Seriously, Contra began as an ice cream shop?

Here’s how a sweet, icey way to keep one chef in NYC developed into one of the city’s best restaurants
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From left: Fabián von Hauske and Jeremiah Stone. Image courtesy of Contra
From left: Fabián von Hauske and Jeremiah Stone. Image courtesy of Contra

The service staff at Contra, one of New York’s most highly regarded contemporary American restaurants, may ask diners plenty of questions, from wine preferences to preferred seating arrangements. Yet one question that’s unlikely to come up is whether diners want one scoop, or two?

Things weren’t always going to be that way. “The idea for Contra, our tasting-menu restaurant with a wine list and multiple seatings a night, started as . . . an ice cream shop,” confesses chef and co-founder Jeremiah Stone, in the new Contra and Wildair publication, A Very Serious Cookbook. “It was called Chavez Brothers and we were going to serve Mexican-inspired nieves (ice cream) and paletas (popsicles) in the front and do more elaborate tasting menus in the back on the weekends.”

 

Strawberry, lavender, from A Very Serious Cookbook. Photo by Matty Yangwoo Kim
Strawberry, lavender, from A Very Serious Cookbook. Photo by Matty Yangwoo Kim

This was not, actually, the craziest culinary idea in the world. Stone and his fellow founder, Fabián von Hauske understood the appeal of Mexican treats, as well as the difficulties faced by Mexican citizens working in the US, as the pair prepared to leave New York’s French Culinary Institute and find work in the catering world.

“On one of Jeremiah’s last days at The FCI, we were in that same theater drinking, just talking about our future,” Von Hauske recalls. “He had already done a lot for me (he helped me get a stage at Noma in Copenhagen), but we were talking about things deeper into the future, ways for me to come back to New York and what I would do if I did.”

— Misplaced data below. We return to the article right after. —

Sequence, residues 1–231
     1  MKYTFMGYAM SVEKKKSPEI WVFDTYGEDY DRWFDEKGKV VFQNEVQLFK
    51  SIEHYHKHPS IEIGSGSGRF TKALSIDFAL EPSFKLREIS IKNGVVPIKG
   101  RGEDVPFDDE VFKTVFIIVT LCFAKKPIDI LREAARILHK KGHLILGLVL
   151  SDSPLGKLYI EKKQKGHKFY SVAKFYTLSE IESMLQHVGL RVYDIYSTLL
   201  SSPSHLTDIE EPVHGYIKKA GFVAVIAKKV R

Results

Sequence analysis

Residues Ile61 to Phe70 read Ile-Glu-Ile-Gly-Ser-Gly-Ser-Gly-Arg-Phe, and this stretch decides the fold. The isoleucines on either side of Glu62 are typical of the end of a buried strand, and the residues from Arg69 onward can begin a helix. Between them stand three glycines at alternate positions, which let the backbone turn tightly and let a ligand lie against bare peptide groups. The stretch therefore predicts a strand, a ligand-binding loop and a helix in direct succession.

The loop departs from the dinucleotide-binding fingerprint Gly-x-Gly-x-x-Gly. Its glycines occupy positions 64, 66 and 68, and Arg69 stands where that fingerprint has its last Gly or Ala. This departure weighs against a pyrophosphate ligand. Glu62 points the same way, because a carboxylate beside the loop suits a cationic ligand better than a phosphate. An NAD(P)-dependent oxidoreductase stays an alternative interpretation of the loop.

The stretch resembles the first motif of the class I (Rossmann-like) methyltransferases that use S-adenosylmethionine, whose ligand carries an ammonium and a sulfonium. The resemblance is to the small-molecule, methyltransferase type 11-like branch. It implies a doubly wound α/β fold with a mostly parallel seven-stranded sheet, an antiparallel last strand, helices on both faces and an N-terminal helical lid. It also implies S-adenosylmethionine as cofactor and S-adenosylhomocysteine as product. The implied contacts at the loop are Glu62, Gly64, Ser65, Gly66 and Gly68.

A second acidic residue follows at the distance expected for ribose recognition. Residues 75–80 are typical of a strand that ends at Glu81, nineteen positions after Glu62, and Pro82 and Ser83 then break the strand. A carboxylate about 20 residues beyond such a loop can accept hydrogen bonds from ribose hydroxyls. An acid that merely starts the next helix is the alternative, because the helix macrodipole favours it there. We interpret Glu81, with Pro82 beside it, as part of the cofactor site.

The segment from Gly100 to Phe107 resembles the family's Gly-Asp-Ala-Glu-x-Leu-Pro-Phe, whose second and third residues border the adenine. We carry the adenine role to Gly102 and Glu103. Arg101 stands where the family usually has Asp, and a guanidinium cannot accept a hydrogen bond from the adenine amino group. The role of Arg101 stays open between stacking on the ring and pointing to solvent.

Fabián was from Mexico City, and it was proving hard for him to stay on in the city. “It seemed pretty clear to me that the only possible way for me to stay was to open a business and get a visa through that,” he recalls. “We joked about opening an ice cream shop—a Mexican ice cream shop that we’d call Los Hermanos Chavez.”

The two crossed the Atlantic, Jeremiah to work in Paris, and Fabián to take his place at Noma, yet the idea for their own restaurant stayed with them, even after the brutally long days common in the restaurant business.

“I would get to my room super late at night and the only person that would be online was Jeremiah,” Fabián recalls. “We’d chat almost every night about our day in the kitchen and about the things we wanted to do in the future and we always came back to wanting to do something together.”

 

Permisson, tangerine, bourbon, from A Very Serious Cookbook. Photo by Matty Yangwoo Kim
Permisson, tangerine, bourbon, from A Very Serious Cookbook. Photo by Matty Yangwoo Kim

Yet their newfound skills – Jeremiah in French casual dining, Fabián in high-end Nordic cuisine – pointed them in new directions. 

“The ice cream shop turned into a restaurant, the restaurant got a name, the name became an idea, and just like that,” Fabián writes, “we were opening a restaurant together.”

Fabián still makes ice cream at Contra, and has some very exacting views on how it should be done – sorbet is more or less banned – though the ingredients such as charred milk and persimmon fruit show how far these two young chefs have come since leaving school.

 

A Very Serious Cookbook

For more on how these two young chefs are transforming New York's culinary scene order a copy of A Very Serious Cookbook here.


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